☛ Tom Gauld photostream on Flickr: “Rise Up!” Illustration about modern protesting for ‘The World Today’, uploaded on March 22, 2012. © Tom Gauld.
This is the cover illustration for the April & May issue of The World Today (Volume 68, Number 3). The cover can bee seen below and the whole issue can be browsed in low resolution over at Exact Editions.
The featured article related to the cover is titled “Power of the iMob” and was written by Andrew Marshall (April 2012, PDF). Marshall once was a paid consultant for Avaaz (which is clearly mentionned in the article). Avaaz is a “dot-org” organisation promoting various kind of activism, mainly online.
Marshall’s article is precisely about that. He offers a short introduction to the phenomenon of “dot-orgs” activism toward which he is obviously and openly sympathetic. Here’s the concluding paragraph of his article:
By reducing the barriers to participation, Avaaz, MoveOn, Getup!, 45Degrees, Change.org and the others are bringing in a generation that feels a desire to get involved in world affairs, but which conventional structures couldn’t handle. International negotiations, global corporate power-plays, vast environmental challenges, clamp downs by government thugs – these are all things that seem too far removed from our lives for us to affect, but the dot-orgs want to bring you into them. For those who subscribe, it is a heady sense of involvement, and a window into a world of possibility. The solutions can sometimes seem simplistic, but the aspiration –to inform public opinion across borders and to engage in search of a better world– is mobilising millions: at least as far as their keyboards, and that really is something.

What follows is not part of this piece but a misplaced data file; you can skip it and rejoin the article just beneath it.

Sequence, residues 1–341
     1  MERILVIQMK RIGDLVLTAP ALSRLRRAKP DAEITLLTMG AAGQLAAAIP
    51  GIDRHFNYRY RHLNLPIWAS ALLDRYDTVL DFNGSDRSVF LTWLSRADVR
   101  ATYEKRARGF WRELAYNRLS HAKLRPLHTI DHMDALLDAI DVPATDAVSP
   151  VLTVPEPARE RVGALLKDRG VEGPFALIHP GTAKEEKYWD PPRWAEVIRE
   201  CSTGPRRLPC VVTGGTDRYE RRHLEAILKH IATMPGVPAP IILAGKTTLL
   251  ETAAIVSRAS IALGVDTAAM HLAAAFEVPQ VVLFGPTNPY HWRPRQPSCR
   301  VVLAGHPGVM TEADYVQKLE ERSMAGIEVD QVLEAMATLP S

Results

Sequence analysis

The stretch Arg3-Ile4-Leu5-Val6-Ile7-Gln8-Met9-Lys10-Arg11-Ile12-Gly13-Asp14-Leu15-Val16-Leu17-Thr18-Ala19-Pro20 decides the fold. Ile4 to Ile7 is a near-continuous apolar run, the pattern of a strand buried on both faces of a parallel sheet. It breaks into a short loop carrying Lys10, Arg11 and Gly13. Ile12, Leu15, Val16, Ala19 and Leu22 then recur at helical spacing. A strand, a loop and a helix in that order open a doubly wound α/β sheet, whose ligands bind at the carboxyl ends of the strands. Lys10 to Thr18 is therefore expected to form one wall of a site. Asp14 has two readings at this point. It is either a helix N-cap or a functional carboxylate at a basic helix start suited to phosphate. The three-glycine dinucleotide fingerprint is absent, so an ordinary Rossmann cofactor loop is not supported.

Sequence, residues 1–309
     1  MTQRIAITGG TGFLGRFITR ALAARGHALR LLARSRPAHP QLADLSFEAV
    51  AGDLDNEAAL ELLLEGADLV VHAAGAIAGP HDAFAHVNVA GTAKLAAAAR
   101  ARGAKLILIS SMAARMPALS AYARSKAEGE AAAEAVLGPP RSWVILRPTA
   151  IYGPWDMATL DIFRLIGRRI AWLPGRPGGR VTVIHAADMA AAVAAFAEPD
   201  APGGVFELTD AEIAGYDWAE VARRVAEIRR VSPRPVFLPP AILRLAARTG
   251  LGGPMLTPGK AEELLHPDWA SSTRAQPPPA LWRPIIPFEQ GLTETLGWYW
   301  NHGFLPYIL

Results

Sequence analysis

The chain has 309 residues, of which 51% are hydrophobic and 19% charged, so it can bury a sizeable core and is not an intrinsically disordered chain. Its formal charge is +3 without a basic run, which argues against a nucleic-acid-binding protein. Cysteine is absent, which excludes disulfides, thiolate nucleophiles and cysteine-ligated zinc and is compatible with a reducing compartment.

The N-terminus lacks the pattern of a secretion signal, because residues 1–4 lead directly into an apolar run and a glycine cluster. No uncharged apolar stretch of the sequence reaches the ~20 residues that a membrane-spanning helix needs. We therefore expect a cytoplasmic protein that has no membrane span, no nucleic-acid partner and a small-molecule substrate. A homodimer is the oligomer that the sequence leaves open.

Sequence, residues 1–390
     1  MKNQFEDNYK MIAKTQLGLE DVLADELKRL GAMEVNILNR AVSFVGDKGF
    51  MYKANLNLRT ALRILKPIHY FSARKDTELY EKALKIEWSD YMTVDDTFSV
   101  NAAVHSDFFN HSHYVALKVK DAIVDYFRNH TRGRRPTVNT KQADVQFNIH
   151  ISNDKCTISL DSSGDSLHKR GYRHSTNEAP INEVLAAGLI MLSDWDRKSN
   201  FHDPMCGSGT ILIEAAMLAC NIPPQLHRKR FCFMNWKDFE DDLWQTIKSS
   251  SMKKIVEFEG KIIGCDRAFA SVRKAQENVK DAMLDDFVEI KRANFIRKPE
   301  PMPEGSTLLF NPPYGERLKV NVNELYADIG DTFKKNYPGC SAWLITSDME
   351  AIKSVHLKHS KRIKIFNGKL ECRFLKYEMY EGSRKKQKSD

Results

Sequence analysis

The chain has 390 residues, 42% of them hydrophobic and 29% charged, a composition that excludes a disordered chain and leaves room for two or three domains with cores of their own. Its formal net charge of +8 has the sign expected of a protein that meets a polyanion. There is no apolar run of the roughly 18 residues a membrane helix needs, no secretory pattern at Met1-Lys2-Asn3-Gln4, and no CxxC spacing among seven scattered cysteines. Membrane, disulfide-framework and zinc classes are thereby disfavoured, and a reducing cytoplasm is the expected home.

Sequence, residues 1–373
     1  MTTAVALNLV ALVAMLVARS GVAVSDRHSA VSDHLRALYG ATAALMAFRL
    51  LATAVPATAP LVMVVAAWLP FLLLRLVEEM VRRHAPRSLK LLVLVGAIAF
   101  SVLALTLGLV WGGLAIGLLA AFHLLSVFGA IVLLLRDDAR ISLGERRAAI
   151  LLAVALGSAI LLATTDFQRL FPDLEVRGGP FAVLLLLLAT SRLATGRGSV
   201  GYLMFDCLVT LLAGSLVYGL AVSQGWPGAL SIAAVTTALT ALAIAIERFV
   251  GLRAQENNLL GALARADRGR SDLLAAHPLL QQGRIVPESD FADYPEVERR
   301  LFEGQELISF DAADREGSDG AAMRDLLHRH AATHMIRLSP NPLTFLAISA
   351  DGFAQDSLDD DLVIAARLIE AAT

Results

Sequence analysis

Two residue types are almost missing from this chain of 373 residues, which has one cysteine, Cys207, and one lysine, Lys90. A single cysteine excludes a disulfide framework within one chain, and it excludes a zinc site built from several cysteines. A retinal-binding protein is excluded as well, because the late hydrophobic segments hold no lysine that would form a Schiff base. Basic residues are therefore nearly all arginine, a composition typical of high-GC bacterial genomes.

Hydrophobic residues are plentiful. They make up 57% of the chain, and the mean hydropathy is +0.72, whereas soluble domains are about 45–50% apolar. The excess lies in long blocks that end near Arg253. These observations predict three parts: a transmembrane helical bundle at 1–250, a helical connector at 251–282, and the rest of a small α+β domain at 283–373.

Although he does provide the reader with various bits of the criticism aimed at the idea of online activism, it really isn’t much. For another point view about this topic, see these two articles by author Evgeny Morozov published on the Foreign Policy website: “The brave new world of slacktivism” (May 19, 2009) and “From slacktivism to activism” (September 5, 2009).
Bellow is another illustration drew by Tom Gauld which is reproduced alongside Andrew Marshall’s article.
Previously here: all entries tagged Tom Gauld.
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